In Kenosha and beyond, guns are more common on US streets

When Kyle Rittenhouse was acquitted of two murders he believed were self-defense, armed civilians patrolled the streets near the Wisconsin courthouse with guns in plain sight.

In Georgia, testimonies in the trial of Ahmaud Arbery’s killers showed that armed patrols were the order of the day in the area where Arbery, a 25-year-old black man, was chased by three white men and shot.

The two proceedings sent surprising new signals about the limits of self-defense as more guns come out of homes amid political and racial tensions and the advance of laws that relax licensing requirements and expand the permitted use of force.

In much of the country, it has become increasingly acceptable for Americans to walk the streets with firearms, whether openly or legally concealed. In places where such behavior is still banned, the ban on owning guns in public could quickly change if the US Supreme Court overturns a law in New York.

The new status quo for outdoor firearms was featured prominently in Kenosha, Wisconsin, last week. Local resident Erick Jordan carried a rifle and holstered pistol near the courthouse where Rittenhouse was tried for killing two men and wounding a third with an AR-15-style semiautomatic rifle during a protest last year.

“I have a job to do – protect these people. That was it,” Jordan said, referring to speakers at a press conference held in the hours following the verdict.

Speakers included an uncle of Jacob Blake, the black man whose death in a shooting by a white police officer in the summer of 2020 sparked tumultuous protests in the city.

“This is my city, my people,” Jordan said. “We disagree on many things, but we fight, we argue, we agree to disagree and go home safe, alive.”

“That’s real self-defense.”

The comments were a blow to political figures on the right who welcomed the Rittenhouse verdict and condemned his prosecution.

Mark McCloskey, who pleaded guilty in June to felony charges that arose from him and his wife brandishing a rifle and pistol at Black Lives Matter protesters outside their St. Louis home in 2020, said the verdict shows. that people have the right to defend themselves from a ‘crowd’. He is currently a Republican nominee for the United States Senate in Missouri.

The verdict came as many states are expanding self-defense laws and relaxing rules for carrying guns in public. Both gun sales and gun violence are on the rise.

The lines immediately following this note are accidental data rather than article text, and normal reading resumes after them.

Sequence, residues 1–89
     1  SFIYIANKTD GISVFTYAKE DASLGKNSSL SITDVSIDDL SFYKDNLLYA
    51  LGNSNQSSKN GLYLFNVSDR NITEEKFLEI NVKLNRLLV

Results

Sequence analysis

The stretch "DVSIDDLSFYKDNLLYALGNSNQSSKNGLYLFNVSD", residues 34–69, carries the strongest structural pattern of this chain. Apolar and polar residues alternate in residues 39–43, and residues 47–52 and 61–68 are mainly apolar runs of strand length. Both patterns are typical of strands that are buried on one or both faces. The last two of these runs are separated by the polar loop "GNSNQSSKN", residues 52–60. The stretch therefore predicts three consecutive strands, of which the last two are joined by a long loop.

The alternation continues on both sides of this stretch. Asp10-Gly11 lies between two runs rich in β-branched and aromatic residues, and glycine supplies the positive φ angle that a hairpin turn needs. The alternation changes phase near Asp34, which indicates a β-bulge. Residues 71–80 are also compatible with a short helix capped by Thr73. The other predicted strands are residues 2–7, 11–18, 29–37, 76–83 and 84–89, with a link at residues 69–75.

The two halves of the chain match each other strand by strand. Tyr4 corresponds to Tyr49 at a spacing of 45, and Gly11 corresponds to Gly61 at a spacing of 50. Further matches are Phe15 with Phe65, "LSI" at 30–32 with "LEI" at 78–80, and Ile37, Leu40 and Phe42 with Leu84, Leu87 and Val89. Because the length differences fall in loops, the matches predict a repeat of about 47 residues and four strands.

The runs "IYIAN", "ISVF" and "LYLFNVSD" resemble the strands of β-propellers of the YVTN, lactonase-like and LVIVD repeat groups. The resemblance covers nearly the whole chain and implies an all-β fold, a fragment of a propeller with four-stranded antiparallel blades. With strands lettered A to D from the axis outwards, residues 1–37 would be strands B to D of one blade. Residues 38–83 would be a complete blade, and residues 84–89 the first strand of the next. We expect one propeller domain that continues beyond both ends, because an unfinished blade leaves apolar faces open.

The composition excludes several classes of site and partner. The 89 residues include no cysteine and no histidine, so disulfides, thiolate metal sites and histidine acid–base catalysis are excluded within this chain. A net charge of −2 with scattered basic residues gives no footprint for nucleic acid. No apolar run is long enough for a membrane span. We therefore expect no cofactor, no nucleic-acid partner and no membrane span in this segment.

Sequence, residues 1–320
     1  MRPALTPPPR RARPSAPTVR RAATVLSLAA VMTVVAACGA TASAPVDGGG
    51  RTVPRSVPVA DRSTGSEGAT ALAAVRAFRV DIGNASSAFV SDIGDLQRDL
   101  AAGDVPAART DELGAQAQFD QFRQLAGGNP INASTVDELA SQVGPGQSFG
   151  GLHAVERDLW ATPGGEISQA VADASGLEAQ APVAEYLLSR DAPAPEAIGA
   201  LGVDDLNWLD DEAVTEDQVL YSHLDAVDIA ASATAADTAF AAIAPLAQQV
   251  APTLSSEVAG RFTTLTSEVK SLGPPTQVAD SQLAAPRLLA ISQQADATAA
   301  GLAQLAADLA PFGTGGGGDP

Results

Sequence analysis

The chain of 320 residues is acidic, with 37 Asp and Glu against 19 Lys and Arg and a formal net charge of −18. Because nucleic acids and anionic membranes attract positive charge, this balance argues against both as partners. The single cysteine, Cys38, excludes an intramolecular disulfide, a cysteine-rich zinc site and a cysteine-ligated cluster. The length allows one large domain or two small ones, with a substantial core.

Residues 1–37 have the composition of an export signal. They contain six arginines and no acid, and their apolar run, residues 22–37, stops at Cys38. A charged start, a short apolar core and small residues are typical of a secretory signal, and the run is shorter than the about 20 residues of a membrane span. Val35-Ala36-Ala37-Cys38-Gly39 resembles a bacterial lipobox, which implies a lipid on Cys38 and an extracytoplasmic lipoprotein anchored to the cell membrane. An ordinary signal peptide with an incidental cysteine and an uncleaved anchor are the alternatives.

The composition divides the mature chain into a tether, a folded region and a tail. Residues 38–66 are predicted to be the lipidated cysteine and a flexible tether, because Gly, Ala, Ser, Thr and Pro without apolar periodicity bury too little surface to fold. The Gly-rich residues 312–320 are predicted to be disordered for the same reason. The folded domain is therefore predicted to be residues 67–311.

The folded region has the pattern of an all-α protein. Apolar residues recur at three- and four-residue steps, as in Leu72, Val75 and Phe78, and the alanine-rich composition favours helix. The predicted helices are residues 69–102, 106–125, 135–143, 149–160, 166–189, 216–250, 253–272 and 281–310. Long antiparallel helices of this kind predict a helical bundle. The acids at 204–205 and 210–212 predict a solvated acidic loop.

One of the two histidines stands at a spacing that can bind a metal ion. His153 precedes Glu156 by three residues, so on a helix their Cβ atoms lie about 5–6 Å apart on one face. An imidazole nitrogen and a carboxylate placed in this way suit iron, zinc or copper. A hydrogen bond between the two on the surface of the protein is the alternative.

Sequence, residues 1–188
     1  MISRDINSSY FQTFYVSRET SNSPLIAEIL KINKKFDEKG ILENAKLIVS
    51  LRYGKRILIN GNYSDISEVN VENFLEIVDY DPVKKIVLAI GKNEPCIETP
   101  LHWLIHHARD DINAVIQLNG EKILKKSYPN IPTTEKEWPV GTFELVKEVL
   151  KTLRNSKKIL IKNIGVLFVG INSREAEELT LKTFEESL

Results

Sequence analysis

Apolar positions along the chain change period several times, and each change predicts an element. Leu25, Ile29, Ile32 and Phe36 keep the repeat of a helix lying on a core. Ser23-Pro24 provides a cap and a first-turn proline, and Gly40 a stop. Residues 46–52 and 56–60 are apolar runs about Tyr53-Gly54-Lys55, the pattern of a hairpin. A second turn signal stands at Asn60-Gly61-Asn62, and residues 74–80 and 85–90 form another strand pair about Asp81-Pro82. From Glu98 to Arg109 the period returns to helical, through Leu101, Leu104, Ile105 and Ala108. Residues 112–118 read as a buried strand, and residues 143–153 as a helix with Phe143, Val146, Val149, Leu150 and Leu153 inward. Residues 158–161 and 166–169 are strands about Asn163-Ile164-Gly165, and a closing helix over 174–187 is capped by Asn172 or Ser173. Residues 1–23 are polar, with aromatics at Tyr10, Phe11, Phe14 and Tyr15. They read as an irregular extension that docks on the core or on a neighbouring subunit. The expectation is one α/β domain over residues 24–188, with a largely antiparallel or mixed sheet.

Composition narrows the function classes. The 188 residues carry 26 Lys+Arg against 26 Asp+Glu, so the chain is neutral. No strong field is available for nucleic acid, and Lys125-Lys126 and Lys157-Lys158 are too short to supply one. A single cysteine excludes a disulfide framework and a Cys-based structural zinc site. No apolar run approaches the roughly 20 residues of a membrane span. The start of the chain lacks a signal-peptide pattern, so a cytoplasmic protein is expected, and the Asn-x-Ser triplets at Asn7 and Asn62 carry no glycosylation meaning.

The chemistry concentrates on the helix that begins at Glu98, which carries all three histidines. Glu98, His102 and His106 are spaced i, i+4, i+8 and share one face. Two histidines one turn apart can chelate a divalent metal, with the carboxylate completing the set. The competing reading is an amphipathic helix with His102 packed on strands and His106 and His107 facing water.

At the same time, six other states this year scrapped requirements to get a permit to carry guns in public, the largest number in a single year, according to the Giffords Law Center to Prevent Gun Violence. In all, 30 states have enacted laws to stand firm, eliminating the requirement to withdraw from confrontation before using deadly force.

Wisconsin has a stricter standard for claiming self-defense, and Rittenhouse was able to show the jury that he reasonably believed his life was in danger and that the amount of force he used was appropriate.

Ryan Busse, a former director of the firearms industry who now serves as an author and adviser to moderate gun control, said the case bolstered the standardization of military-style weapons on city and suburban streets.

“Reasonable gun owners are shocked by this,” he said. “How come we see this and people think, ‘There’s a guy with an AR-15.’ That happens in third world countries.’

He stressed that a lower charge against Rittenhouse as a minor in possession of a dangerous weapon had been dropped before the verdict.

“There is an aspect of Wisconsin law that allows children to take their shotguns with their father or uncle,” Busse said. “Well, he’s not hunting. … The old gun culture is being used to cover up this new, dangerous gun culture.”

Gun rights advocates seeking greater access to weapons and robust self-defense provisions argue that armed confrontations will remain rare.

Republicans, including former President Donald Trump, were quick to applaud the verdict. They stand behind Rittenhouse as a patriot who took a stand against lawlessness and exercised his Second Amendment rights.

Disagreements over the right to bear arms in public places have spilled over to state lawmakers in the wake of a 2020 plot to storm the Michigan Capitol, the January 6 U.S. Capitol Uprising, and other threats. States, including Michigan and New Mexico, have banned guns in their capital cities this year, while Montana and Utah have strengthened rights to covert transportation.

Supreme Court judges consider the largest gun case in more than a decade, a dispute over whether New York’s gun law violates the Second Amendment’s right to “keep and bear weapons.”

Defenders of the law say taking it down would lead to more guns on the streets of cities, including New York and Los Angeles.

During pleadings this month, judges also seemed concerned that a broad ruling could threaten gun restrictions on subways and in bars, stadiums and other gathering places.

New York law has been in effect since 1913. It states that in order to carry a concealed gun in public for self-defense, an applicant must demonstrate that they actually need the gun.

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